Just flying a kite perhaps, but with EdS presumably now in receipt of their Insurance settlement of c US$2.5m gross (per recent RNS), then seeking alternative finance (to that anticipated from the cash-strapped Argentinian Authorities) to repair the long damaged turbine should be that bit easier one would have thought.
We have to assume the repair costs are however significant and exceed the Insurance settlement which was, we were told previously, possibly available to recommence EdS loan repayments to RUR. This was possible as EdS were, we were also told, still able to cover all of their Operating costs despite their lower generating income. If this has changed, we have not been informed.
Nevertheless, EdS may not quite be in the position they once were when fully operational, but RUR's 50% owned JV now having some hard cash in US$ is significantly better placed than it was.
Now even if it doesn't interest our BoD, then it might just interest one Peter Earl who used the excuse of EdS' falling down on their Loan repayments to RUR as the main reason for terminating his potential take over discussions with RUR last year.
There is in my view now an opportunity here with the Insurance settlement being the catalyst. The fact that P Earl's 6 month embargo on reviving his interest in RUR expires next week is of course purely coincidental here....
Well, this RNS at least started with some very positive news.
The almost mythical Business Interuption Insurance cover held by EdS does in fact exist and, more importantly, has paid out with a US $2.5m settlement expected within days.
Now that should have been our 'starter for 10' but RUR being what it is has contrived to become victim (well EdS has) of the significant geo-political risks of operating in South America (again).
The fact the Argentinian authorities look to be running out of cash is nothing new when we look back over history but we had hoped matters had improved following Gov change in recent times.
So, RUR look to be still waiting with its begging bowl (for its already reduced loan repayments), as there is no clear idea of when EdS damaged turbine can be fixed and they can recommence loan repayments so we are desperately short of cash. And we have no clear idea of what RUR's monthly cash burn is either.
However, EdS will shortly be in receipt of c$2.5m in cash so RUR should get themselves a Partner with some know how, seek to take remaining control of EdS and get us out of this log jam without messing about any longer!
We have been here before G or S of course, but active (share) buying however modest is nevertheless welcome particularly given the information vacuum in which we PI's have to operate.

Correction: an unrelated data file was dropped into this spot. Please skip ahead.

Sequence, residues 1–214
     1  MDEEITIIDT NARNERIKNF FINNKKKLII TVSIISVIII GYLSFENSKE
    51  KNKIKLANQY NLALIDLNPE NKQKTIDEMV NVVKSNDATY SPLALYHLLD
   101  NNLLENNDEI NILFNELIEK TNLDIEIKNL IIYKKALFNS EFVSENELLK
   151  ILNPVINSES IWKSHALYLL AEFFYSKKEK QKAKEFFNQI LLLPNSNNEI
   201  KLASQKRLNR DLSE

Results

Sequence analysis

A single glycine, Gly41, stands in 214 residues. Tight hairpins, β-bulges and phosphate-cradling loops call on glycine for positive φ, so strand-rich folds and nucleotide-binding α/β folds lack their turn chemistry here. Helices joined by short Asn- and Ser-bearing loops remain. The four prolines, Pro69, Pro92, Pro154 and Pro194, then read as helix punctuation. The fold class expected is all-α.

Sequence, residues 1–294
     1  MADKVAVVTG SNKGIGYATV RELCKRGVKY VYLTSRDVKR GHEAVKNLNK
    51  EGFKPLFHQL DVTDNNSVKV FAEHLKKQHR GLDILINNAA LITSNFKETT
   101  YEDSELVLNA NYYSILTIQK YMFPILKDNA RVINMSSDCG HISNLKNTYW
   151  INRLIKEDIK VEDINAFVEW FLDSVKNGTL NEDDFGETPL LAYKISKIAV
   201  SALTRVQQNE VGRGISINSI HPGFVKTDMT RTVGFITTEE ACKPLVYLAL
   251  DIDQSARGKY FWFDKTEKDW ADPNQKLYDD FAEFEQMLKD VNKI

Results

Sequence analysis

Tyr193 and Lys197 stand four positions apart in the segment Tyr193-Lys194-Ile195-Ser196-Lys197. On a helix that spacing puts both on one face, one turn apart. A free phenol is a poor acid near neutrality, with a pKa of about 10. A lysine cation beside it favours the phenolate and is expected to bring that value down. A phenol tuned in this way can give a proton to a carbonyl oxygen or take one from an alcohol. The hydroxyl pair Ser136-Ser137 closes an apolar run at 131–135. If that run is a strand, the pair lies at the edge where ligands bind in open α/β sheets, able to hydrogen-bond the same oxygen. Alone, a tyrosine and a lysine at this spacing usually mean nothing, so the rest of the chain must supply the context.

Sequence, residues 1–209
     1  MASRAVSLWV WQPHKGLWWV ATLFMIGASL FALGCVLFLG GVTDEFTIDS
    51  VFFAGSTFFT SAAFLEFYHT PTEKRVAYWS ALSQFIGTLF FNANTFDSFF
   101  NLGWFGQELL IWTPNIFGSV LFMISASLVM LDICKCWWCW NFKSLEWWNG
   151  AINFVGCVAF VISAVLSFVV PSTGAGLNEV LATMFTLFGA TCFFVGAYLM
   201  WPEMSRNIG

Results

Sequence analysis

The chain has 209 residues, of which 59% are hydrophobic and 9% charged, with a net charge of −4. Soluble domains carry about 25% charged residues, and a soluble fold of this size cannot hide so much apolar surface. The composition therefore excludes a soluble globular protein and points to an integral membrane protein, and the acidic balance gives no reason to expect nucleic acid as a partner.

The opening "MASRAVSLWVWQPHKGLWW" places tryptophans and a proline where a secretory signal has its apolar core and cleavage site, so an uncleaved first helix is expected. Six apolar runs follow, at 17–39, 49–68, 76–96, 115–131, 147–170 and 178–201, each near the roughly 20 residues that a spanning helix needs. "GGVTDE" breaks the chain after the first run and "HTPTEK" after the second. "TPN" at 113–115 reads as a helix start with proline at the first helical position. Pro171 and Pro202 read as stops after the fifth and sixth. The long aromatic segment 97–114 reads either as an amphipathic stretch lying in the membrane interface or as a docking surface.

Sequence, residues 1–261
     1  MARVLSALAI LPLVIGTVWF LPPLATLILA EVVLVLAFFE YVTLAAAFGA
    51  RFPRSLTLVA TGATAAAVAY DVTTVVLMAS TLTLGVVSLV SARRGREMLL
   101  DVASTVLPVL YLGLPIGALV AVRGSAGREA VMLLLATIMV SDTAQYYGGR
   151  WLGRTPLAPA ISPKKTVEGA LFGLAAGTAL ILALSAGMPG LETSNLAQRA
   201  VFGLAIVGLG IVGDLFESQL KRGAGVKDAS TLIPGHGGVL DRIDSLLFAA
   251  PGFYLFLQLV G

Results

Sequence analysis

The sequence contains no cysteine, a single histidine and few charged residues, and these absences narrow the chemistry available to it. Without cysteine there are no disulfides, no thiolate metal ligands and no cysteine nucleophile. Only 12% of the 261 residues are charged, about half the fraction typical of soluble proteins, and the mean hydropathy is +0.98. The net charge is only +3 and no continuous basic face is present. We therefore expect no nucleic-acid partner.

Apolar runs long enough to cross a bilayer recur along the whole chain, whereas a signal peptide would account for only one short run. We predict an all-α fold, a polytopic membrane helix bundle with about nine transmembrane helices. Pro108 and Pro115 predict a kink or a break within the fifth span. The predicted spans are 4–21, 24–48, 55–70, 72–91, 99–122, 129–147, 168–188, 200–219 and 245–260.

I have tried contacting our BoD again in an attempt to get them to update the Market, at least, to clarify if we still need Short Term Facilities and / or if appropriate Facilities are in place, even on a Standby basis.
I shall update here should I get a response.
Given the 7 Dec RNS stated the BoD were 'actively examining funding options etc' ., we might have thought coming up for a month on, we would have received some sort of clarity on the subject.
Then again this is Rurelec.
Hopefully todays upward movement in SP (thus far) presages some sort of news on Funding and everything else that the BoD have been up to during the latest 'news blackout' for shareholders. We can but hope.
With the continued cessation of repayments from EdS, RUR are once again strapped for cash and facing a crisis.
Clearly the other assets for sale have not made any progress (well we have to assume thats the case), so once again RUR are hanging by their fingernails scrambling about seeking expensive short term debt until (it is hoped) loan repayments recommence sometime around May 2018 onwards.
The uncertainty surrounding EdS business interuption insurance is surely a joke given this would have been explored at the time of the previous incident preventing loan repayments to be made in full to RUR last year.
Now as we have been here before, it rather confirms our BoD despite perhaps their best intentions, are simply not up to the task. We need a more dynamic approach but given our position I concede that a degree of ownership in our various assets will have to be 'traded'. Continuing on with the 'bookkeeper' approach is not the role of a BoD.
Failing any change at best we will continue as a 'zombie' Co or at worst fail to secure w/cap facilities and be wound up.
Then of course we dont need to be too imaginitive to foresee which vultures would appear to get RUR for buttons.
If we set aside PE's interest in RUR for the moment (which may stretch to 6 months if there is no other manufactured interest in RUR to comply with UK's Takeover Code), shareholders should rather look to the situation where next year at this time, we could be entirely debt free wuth a surplus cash flow being generated from EdS.
I accept that this assumes the recent damage to the turbines of EdS generator can be repaired and the current sutuation whereby generating capacity is compromised can be repaired eithin a reasonable timescale. As a consequence, the loan repayments to RUR are also compromised but only to a relatively short / temporary period.